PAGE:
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    Oscar Leigh Contributing Member

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    Emotions. Anything people value can raise the stakes. Maybe they threaten his significant other? Maybe they mess with his employment in some way? Maybe they frame him for something? Whatever suits the circumstance. So no, you don't just need to kill people.
     
    Last edited: Jul 29, 2016
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  12. SethLoki
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    SethLoki Unemployed Autodidact Contributor

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    Brilliant. Guilty of letting many of these through my bay doors!
     
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  13. Seraph751
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    Seraph751 If I fell down the rabbit hole...

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    Raise the stakes through motivation. A goal, a quota, something along those lines. Yes fear is indeed a powerful tool, however, you may find that when motivated for what a character views as a step forward for them, may cause an explosion of growth for said character.
     
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  14. jannert
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    jannert Contributing Member Supporter Contributor

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    Raising the stakes in a story isn't about having something bad happen. It's about increasing the potential of something bad happening ...if.

    If he doesn't get the job done. If he doesn't rescue the hostage. If he doesn't get home in time. If he can't get his wife to believe him.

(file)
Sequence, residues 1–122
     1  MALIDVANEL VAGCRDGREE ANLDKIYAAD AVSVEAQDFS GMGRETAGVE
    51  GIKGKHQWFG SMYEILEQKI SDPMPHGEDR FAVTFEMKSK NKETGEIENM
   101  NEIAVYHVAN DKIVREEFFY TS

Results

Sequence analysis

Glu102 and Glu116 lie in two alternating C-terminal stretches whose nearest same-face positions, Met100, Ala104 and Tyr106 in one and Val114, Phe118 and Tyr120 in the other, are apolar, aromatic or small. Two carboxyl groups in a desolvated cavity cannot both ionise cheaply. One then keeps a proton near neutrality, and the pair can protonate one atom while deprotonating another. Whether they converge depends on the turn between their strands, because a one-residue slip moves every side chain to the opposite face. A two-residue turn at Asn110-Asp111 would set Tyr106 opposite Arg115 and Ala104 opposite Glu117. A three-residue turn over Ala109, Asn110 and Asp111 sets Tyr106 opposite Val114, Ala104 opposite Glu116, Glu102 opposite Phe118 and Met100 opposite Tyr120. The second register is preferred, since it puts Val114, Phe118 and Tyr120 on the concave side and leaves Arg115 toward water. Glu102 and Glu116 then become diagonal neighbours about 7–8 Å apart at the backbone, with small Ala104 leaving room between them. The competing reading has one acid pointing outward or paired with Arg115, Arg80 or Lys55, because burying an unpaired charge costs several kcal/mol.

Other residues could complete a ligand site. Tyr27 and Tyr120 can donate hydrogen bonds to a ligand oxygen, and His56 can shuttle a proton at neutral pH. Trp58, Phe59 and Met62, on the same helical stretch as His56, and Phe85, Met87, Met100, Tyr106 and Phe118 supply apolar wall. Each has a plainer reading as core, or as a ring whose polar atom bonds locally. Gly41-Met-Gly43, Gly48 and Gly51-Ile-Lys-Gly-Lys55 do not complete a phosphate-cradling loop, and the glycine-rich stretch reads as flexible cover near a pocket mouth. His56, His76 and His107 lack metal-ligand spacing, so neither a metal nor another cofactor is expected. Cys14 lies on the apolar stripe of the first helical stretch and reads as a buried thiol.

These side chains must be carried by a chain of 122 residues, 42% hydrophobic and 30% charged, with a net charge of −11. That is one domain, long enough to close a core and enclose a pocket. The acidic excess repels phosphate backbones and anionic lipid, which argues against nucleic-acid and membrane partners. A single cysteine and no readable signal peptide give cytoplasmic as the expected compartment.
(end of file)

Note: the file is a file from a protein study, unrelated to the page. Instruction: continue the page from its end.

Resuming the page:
Increase the amount/intensity of the bad stuff that WILL happen if he fails in his quest or purpose, and you'll be raising the stakes. Your character MUST be desperate to succeed, because failure will bring devastating consequences. Your job as a writer is to make the failure seem increasingly likely. And so he has to commit even more of what he can't afford to lose in the fight to win. That's raising the stakes.

    Increase the certainty that somebody he loves will be hurt if he fails. Then increase the possibility they will actually die if he fails. That's raising the stakes. If they do actually die, that doesn't raise the stakes. The worst has happened and the game is over. You'll be setting up a whole new story arc to finish the story, which will now be about revenge, or something like that.

    Think of 'stakes' as if you're playing a poker game. If you increase your stake in the game, that means you stand to lose a lot more than if your stake is small. That's the principle here. Make your character's stake so high they really can't afford to lose.

    Figure out your character's worst fear, then do what you can to increase it.
     
    Last edited: Jul 29, 2016
  15. T.D. Dixon
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    T.D. Dixon New Member

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    Agreed. The Cohen Bros said something I'll never forget. They said, simply put your character in the worst situation imaginable and have them dig their way out of it. I've never forgotten that.

    I tell my clients to forget about "breaking in the bizz." Thats not actually what you're trying to do. Break into you and you'll break into the bizz. Become the person who is worthy enough to be there. This applies to MC's as well because they constantly have to make decisions and take actions that teach them to reach within to over come. This causes growth. People love that stuff. As long as your MC is striving beyond his/her comfort zone to obtain their goal, win or loose, you'll have a greater chance at success and keep your audience engaged throughout the telling of your story.